“Write it on your heart that every day is the best day in the year.”

“Once you make a decision, the universe conspires to make it happen.”

“Life is a journey, not a destination.”

More Five Quotes.

Urban Simplicity.

The Angels Were Bowling.

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I woke with a start.
Early morning thunder.
I didn’t get out of bed.
I lay there and listened.
The angels are bowling, I thought.
That’s what my mom would tell me.
A few more crashes.
And then the rain came.
In buckets.
I lay there listening to this, too.
After breakfast and coffee I went out.
For more coffee.
It had stopped raining.
For now.
And the air hung heavy.
So did the clouds.
Off and on, it rained.
For most of the day.
Droplets cover everything.
Drawn up to the clouds.
As a mist.
From far away.
Then released.
And here they are.
Droplets everywhere.
Nourishing, rejuvenating.
Beautiful
.

A Day in a Life. Journal entry 5.14.17

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“Life is what happens to us while we are making other plans.”

 ~Allen Saunders (but often inaccurately attributed to John Lennon)

Sunday.

I wake before the alarm goes off,

and I lay there for a few minutes.

Thinking.

When I go downstairs I turn on the coffee maker.

The dogs scurry about.

They act as if they haven’t seen me in 8 years instead of 8 hours.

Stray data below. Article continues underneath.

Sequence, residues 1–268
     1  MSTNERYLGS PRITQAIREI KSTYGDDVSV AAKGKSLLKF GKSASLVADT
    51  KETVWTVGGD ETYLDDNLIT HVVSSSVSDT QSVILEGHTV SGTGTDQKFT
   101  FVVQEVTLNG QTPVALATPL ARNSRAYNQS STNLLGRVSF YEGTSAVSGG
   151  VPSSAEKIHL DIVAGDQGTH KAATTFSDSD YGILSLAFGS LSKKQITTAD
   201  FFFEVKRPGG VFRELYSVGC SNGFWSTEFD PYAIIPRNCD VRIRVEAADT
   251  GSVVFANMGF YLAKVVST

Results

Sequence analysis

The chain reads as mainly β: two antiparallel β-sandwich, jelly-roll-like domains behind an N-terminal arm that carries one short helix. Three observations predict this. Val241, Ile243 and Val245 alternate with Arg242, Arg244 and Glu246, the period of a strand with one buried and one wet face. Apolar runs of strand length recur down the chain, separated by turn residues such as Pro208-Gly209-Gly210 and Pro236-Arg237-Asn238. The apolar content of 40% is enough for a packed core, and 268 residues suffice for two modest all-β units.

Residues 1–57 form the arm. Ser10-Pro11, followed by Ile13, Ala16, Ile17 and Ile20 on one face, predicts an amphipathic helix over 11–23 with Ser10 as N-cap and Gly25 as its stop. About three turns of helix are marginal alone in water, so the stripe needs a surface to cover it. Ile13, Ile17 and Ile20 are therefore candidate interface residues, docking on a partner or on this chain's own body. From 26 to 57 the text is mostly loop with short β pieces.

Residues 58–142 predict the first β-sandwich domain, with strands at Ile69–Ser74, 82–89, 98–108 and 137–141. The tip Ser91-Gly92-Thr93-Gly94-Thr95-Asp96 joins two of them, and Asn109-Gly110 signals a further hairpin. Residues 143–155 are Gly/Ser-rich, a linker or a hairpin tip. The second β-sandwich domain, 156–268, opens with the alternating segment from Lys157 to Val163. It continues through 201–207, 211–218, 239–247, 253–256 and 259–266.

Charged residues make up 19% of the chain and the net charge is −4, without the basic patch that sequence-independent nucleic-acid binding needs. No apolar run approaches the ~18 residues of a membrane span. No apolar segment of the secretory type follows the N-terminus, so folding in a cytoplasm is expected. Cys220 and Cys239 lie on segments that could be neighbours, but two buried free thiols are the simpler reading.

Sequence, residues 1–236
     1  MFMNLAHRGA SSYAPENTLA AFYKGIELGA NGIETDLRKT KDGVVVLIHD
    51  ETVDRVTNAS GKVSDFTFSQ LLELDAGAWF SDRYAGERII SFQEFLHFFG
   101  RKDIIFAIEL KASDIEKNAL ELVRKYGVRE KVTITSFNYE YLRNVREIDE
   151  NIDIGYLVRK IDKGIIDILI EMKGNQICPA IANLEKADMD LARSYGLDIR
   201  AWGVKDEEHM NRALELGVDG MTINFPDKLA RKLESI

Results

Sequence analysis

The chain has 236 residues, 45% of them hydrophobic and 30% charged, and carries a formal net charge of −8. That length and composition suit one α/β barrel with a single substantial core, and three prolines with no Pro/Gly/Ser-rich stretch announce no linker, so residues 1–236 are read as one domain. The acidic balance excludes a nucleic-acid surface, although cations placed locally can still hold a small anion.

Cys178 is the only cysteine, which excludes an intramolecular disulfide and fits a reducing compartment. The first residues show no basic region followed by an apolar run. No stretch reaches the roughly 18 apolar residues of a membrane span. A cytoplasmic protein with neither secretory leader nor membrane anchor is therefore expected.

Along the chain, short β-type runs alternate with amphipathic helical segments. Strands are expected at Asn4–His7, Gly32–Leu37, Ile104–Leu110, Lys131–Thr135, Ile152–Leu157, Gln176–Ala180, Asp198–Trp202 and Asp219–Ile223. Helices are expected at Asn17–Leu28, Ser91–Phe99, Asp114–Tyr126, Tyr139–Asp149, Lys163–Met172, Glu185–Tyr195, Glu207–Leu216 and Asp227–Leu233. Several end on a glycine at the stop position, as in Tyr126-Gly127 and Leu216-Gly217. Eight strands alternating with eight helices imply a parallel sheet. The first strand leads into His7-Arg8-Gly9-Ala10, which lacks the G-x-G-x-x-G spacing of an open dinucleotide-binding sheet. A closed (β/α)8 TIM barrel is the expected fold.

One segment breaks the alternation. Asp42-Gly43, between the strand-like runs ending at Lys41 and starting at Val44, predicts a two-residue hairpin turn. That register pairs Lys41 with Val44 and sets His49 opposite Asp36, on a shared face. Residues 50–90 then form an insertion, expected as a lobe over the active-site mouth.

I feed them.

Franklin, the finicky one, just looks at me.

I have to feed him a couple pieces of food by hand to get him started.

Coffee ready and dogs in the backyard,

I check emails, the NY Times, and scroll Facebook.

Looking at the clock I realize I’m running late for church,

and I’m scheduled as head usher.

Showered, I wheel one of the bikes down the plank on the porch,

and when I do I notice a tulip in a neighbor’s yard.

It’s withered.

Just yesterday it was in full bloom.

Nothing is permanent, I think to myself.

I snap it’s photo.

As I pedal to church the air feels good.

It’s chilly but the sun is out.

It’s Mother’s Day, and during worship the pastor speaks of mothers.

I think of my mother, who left us too soon.

I think of a specific time and tears well in my eyes.

I hold back tears as I ready myself for collection.

So many years later and I still feel.

I am grateful.

On my way home I stop at a coffee shop,

to read and write.

But it’s crowded and I can’t focus,

so I leave.

I have an egg sandwich for lunch and feed the dogs pieces of the crust.

I lay down and am surprised that I fall asleep for just a few minutes.

After a few stretches I sit on a cushion in front of the small altar,

which is off to the side of the room.

I pray, asking mostly for guidance.

Then I meditate for a few minutes.